Directed by Derek Jarman and released in its home country of England in 1986.
Possibly one of the most ambitious films ever devised; just the idea of recreating such fine paintings and telling the story of one of the most elegant painters in the history of the art would make most buckle at the beginning but Derek Jarman, however, does not buckle. With this film he has produced such a beautifully dark film that, to the untrained eye, seems so incredibly pretentious but I can only disagree wholeheartedly with that statement.
The choice to move the action from Italy to England is an odd one, of course, but I think that that fact becomes irrelevant when you consider how beautiful the film is: the cinematography and the sets are just so exquisite and if the actors weren’t speaking in their typical British accents you’d be stunned to find out it was filmed in England.
Film as art, and art as film; Jarman transcends so many boundaries with this one, it truly is one of the defining achivements in cinematic history for me.
Directed by Joonas Neuvonen and released in its home country of Finland in 2010.
Uncompromising and raw, this video diary of the life of a drug addict ends up less of a documentary and more of a simple precursor to forthcoming events when the teenager at the center of this film who would go on to kill himself not long after the film was made available. The fact that this kind of thing goes on in the youth of a country in this day and age is not surprising at all really. It’s happening in the US with prescription drugs and anti-depressants (that just like in the film are prescribed in France) and in the UK to a lesser extent to things they’re calling “legal highs”.
In my own opinion, hard drug addicts like this deserve no pity whatsoever especially considering the way in which this one and the other users depicted here gleefully take the drugs and live their lives around it. It advocates drug use much more than it shows any effort to combat it – and just presenting the reality really is not enough in this day and age when there are kids who are susceptible and impressionable enough to merely watch a clip from this and go out and do it.
Here’s a tip for anyone wanting to watch this: if you’re easily upset, don’t watch it; if you’re easily put off by needles, don’t watch it; if you are however interested in watching some little teenager get his rocks off and be depressed about it for the rest of the time until his next fix, then by all means watch it.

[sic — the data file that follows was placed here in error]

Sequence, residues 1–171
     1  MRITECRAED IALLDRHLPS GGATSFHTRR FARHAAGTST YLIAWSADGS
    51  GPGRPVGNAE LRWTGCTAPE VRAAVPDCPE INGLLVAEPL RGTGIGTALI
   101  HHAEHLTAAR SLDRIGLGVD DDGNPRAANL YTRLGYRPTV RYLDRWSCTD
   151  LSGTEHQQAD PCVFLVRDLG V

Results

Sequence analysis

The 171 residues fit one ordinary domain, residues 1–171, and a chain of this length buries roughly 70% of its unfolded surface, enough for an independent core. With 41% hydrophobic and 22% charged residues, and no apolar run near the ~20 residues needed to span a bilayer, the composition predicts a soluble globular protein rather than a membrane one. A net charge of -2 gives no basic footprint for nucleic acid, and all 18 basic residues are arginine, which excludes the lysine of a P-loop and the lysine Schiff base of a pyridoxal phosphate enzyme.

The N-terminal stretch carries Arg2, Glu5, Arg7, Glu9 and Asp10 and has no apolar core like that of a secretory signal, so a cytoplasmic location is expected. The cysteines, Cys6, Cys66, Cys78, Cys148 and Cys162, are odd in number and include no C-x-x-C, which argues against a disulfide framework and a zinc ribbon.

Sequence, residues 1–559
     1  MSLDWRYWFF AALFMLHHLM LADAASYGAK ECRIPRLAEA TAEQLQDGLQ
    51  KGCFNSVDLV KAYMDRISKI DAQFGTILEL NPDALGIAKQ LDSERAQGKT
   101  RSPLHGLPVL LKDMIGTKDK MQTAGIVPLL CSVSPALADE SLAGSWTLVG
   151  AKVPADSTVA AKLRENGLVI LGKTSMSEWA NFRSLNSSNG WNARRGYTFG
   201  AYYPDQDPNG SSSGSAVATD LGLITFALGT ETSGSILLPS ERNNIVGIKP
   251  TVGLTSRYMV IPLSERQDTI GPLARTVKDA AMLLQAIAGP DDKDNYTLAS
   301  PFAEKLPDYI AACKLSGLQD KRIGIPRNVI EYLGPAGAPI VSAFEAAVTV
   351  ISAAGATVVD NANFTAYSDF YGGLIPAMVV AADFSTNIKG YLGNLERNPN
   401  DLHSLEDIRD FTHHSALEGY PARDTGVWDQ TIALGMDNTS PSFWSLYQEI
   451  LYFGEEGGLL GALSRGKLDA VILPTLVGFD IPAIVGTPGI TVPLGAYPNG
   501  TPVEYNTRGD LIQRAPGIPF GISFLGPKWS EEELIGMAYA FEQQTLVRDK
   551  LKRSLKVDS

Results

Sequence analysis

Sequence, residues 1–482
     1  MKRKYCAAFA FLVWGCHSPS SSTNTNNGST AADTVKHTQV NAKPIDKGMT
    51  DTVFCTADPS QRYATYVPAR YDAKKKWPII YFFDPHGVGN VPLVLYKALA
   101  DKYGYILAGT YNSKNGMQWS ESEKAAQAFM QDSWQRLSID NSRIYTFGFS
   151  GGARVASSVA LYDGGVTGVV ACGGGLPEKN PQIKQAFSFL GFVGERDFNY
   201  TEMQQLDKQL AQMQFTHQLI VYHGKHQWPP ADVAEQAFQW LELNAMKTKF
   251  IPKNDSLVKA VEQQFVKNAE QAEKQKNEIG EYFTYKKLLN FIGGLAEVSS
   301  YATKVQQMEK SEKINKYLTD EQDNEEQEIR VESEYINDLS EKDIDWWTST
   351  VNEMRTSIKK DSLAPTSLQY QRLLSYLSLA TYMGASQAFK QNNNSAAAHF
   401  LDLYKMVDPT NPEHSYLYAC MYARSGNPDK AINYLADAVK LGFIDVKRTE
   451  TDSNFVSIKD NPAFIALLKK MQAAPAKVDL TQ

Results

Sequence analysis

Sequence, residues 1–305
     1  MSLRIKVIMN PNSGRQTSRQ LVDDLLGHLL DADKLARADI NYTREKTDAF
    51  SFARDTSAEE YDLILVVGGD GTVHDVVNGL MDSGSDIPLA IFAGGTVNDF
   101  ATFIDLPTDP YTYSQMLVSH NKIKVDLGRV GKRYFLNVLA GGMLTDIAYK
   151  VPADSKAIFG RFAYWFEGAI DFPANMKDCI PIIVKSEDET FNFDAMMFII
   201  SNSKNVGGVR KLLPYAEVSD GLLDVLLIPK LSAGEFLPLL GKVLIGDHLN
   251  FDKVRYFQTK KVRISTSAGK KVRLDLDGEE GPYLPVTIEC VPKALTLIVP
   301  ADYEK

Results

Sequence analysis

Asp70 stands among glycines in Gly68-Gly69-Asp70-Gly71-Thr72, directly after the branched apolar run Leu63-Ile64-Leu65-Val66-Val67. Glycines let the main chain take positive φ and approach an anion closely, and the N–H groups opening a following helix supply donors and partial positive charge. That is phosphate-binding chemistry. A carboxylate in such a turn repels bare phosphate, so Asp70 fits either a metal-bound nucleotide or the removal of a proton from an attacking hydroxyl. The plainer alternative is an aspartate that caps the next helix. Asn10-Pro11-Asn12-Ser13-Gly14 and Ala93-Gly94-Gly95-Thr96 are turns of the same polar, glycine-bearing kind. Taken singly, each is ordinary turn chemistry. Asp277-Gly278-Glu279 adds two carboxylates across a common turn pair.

This just wasn’t for me.
Directed by Ingmar Bergman and released in its home country of Sweden in 1968.
Shame is yet another absolutely magnificent character-driven drama by the master that is Ingmar Bergman. The performances from Liv Ullmann and Max von Sydow are among the best of both of their careers even surpassing some of those in other Bergman productions (for example Ullmann’s spellbinding performances in Autumn Sonata and Persona aswell as von Sydow’s challenging performances in The Magician and The Seventh Seal). The lack of music adds a lot of depth that would otherwise have been glossed over had there been a traditional score. It is also very well paralleled with the fact that our two main characters are musicians themselves yet we hear none of their abilities nor anything on the score.
While the screenplay has some minor details that I felt were rushed and could’ve been fleshed out or erased completely before filming began – for example the young soldier who supposedly was living inside their greenhouse for weeks – I still feel that this is one of Bergman’s strongest films, if only for the stunning character development and awe-inspiring cinematography that is so prevalent in any of Bergman’s films that were filmed on this island.
Bergman’s journeys deep into the human soul and heart have always had profound effects on me and my own understanding of human nature, but I’m sure I’ll never be able to display it so vividly and illustriously as Bergman did throughout his career. I can only hope that I never run out of his films to watch… but sadly I know that one day I will.